Independence Day is uniquely popular for outdoor activities: socializing, grilling, pool parties, and of course fireworks. Do you have fireworks going off in your garden? You should! The outdoor garden area can be one of the most popular gathering places for your friends and family. Many many summer plants are just absolutely exploding with color right now!
Crape myrtles in particular are showing off their blooms with a dizzying display of color. If you’re interested in planting one, it is the perfect time to select the exact color you want as they are all in bloom at the nursery right now. Here in North Texas almost every crape myrtle you choose will be freeze tolerant for any weather we get with few exceptions. If your crape myrtle is not blooming or even showing substantial dead branches and trunks, AND is shooting up abundant new growth from the ground it has likely suffered from freeze damage. The best action may be to cut away the dead and then cultivate new growth from the ground up. The same applies if your crape myrtles have been “topped.” Topping a crape myrtle results in ugly looking knots at the tops of the tree. There is no way to correct this, other than to cut it down to the ground (in the winter!) and then await the vigorous flush of new growth that will come out at the first hint of warmer weather.
If tomatoes are your thing they should be ready for the last summer harvest now. In this intense summer heat they will likely stop producing. Most tomato varieties require temperatures at night to fall below 75° in order to set fruit, although there are exceptions. The ever popular cherry tomato can produce amazing crops of fruit throughout the summer. Other varieties include the Heatmaster tomato and the Phoenix tomato. Regardless of what you’re growing, tomatoes in the summer are water intensive. They should be deeply watered in the summer heat, but make sure the soil is well drained. As much as they like the water they don’t like roots that stay constantly wet. You can encourage them further with some shade cloth set up to block the blazing afternoon sun. Some growers even use misters to cool the air through evaporative cooling. If your dream is to cultivate hot summer tomatoes be aware that, unless you’re on well water, you’ll see a marked increase in your water bill!
Any pruning on oaks should be done this month. This is the safest time to prune oak species as the deadly oak wilt fungus is inactive. Any shade trees with low hanging branches can also be cut back. Sometimes these low hangers don’t reveal themselves in the winter dormant season when we would like to prune. They wait until they are burdened with the weight of an abundance of leaves. It won’t hurt to take down one or two of those low hanging branches right now, just don’t go overboard with the pruning. Generally speaking this is the wrong time of year to prune any trees. Now is the time these trees use all the sunlight collected by their leaves to build up reserves, and we want to avoid requiring them to divert energy to healing a wound when they should be at the peak of their growing season.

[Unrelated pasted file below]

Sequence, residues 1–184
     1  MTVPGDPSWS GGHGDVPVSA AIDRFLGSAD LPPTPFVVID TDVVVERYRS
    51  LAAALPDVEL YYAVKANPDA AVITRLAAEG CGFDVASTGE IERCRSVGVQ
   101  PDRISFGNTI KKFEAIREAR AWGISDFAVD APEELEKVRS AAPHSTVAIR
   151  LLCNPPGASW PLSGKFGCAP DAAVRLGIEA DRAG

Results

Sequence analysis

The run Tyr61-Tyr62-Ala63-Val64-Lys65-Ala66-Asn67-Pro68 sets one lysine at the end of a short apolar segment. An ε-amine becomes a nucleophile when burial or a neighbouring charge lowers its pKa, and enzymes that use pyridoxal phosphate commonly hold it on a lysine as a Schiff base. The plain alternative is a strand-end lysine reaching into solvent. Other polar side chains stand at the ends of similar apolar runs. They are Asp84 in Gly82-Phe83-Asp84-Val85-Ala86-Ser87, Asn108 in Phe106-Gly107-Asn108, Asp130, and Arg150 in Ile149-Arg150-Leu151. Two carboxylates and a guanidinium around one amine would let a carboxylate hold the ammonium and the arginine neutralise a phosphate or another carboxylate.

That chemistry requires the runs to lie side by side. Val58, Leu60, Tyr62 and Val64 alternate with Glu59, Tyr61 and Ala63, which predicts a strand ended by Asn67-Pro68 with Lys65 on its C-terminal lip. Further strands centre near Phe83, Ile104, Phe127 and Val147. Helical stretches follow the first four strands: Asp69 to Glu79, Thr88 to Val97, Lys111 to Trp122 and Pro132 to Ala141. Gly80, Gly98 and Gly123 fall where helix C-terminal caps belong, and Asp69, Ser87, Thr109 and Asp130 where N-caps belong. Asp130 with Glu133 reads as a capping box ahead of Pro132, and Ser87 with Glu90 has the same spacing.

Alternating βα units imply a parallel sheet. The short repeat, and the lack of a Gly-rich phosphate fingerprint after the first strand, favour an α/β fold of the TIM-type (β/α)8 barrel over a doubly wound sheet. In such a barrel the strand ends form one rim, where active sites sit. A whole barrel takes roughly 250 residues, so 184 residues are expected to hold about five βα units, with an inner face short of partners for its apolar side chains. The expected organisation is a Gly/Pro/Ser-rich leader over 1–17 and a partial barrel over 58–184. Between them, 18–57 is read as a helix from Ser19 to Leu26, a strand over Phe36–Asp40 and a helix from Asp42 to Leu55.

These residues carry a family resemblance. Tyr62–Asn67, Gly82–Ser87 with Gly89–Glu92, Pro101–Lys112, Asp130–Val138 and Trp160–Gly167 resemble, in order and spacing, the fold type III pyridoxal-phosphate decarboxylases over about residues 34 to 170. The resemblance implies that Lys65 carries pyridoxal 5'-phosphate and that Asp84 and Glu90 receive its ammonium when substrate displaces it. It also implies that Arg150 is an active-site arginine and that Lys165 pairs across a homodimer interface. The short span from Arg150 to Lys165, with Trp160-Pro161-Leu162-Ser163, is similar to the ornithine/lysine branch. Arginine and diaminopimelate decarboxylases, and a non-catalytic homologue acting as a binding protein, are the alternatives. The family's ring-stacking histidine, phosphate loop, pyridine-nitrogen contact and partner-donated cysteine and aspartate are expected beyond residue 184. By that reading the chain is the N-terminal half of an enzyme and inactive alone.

If you have hanging baskets or container gardens it’s time to add a little slow release fertilizer. Potting soil is a fantastic medium for plants, but it contains very little nutritional value. Your potted plants need those additional feedings of fertilizer that your in ground plantings get from compost and mulch. If you have flowering plants, a simple rose food fertilizer is excellent.
Of course all this heat means that proper irrigation and watering is more important than ever. Don’t think that you have to water too often: it is more important to water deeply than to water frequently. Most North Texans (with a few exceptions) have a heavy clay soil that cannot absorb as much water as we would like all at once. If you’re seeing runoff onto the sidewalks, driveways, etc. then you are watering more than the soil can absorb. In these cases you will need to cycle your waterings. This means that you will water a short cycle, wait for it to be absorbed, and then water another short cycle. Lather rinse and repeat as many times as it takes for the clay soil to absorb water at least 4-6 inches down. Most modern sprinkler timers are able to be programmed in this way. If yours is older, consider upgrading the controller. Newer digital controllers are easy to program and can be controlled from your phone from anywhere. You can also add a soil moisture meter that will automatically tell your irrigation controller when the soil is too dry.
Need help with your irrigation or sprinkler system? Does your garden need an overhaul or just a general checkup? Give us a call at 877-558-1496, or drop us a line and contact us here, to find out how Desiree can help you create a wonderful garden with a budget you can afford.
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